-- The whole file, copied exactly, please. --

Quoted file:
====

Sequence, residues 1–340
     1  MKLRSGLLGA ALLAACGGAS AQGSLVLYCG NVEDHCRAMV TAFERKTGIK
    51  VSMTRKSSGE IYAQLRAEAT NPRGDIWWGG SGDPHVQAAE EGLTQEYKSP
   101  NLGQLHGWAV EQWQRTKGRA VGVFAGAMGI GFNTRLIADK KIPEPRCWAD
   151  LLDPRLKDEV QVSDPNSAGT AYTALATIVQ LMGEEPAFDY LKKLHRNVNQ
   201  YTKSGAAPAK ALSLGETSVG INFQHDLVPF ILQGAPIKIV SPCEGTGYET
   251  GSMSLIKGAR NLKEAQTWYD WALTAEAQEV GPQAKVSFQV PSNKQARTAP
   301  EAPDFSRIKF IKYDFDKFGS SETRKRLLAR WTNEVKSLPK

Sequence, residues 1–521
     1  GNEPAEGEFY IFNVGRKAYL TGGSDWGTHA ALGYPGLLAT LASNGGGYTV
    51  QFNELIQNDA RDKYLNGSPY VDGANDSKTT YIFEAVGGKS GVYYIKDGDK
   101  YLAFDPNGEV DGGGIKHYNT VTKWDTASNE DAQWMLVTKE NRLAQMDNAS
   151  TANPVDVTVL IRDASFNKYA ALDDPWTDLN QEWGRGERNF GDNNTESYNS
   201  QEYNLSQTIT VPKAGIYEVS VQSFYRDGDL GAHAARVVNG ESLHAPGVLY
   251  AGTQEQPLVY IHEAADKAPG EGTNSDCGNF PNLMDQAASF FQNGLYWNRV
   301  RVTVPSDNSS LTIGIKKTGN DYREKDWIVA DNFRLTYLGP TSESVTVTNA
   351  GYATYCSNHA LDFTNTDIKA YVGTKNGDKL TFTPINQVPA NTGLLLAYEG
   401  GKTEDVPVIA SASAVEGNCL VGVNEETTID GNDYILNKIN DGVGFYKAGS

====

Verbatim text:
Sequence, residues 1–340
     1  MKLRSGLLGA ALLAACGGAS AQGSLVLYCG NVEDHCRAMV TAFERKTGIK
    51  VSMTRKSSGE IYAQLRAEAT NPRGDIWWGG SGDPHVQAAE EGLTQEYKSP
   101  NLGQLHGWAV EQWQRTKGRA VGVFAGAMGI GFNTRLIADK KIPEPRCWAD
   151  LLDPRLKDEV QVSDPNSAGT AYTALATIVQ LMGEEPAFDY LKKLHRNVNQ
   201  YTKSGAAPAK ALSLGETSVG INFQHDLVPF ILQGAPIKIV SPCEGTGYET
   251  GSMSLIKGAR NLKEAQTWYD WALTAEAQEV GPQAKVSFQV PSNKQARTAP
   301  EAPDFSRIKF IKYDFDKFGS SETRKRLLAR WTNEVKSLPK

Sequence, residues 1–521
     1  GNEPAEGEFY IFNVGRKAYL TGGSDWGTHA ALGYPGLLAT LASNGGGYTV
    51  QFNELIQNDA RDKYLNGSPY VDGANDSKTT YIFEAVGGKS GVYYIKDGDK
   101  YLAFDPNGEV DGGGIKHYNT VTKWDTASNE DAQWMLVTKE NRLAQMDNAS
   151  TANPVDVTVL IRDASFNKYA ALDDPWTDLN QEWGRGERNF GDNNTESYNS
   201  QEYNLSQTIT VPKAGIYEVS VQSFYRDGDL GAHAARVVNG ESLHAPGVLY
   251  AGTQEQPLVY IHEAADKAPG EGTNSDCGNF PNLMDQAASF FQNGLYWNRV
   301  RVTVPSDNSS LTIGIKKTGN DYREKDWIVA DNFRLTYLGP TSESVTVTNA
   351  GYATYCSNHA LDFTNTDIKA YVGTKNGDKL TFTPINQVPA NTGLLLAYEG
   401  GKTEDVPVIA SASAVEGNCL VGVNEETTID GNDYILNKIN DGVGFYKAGS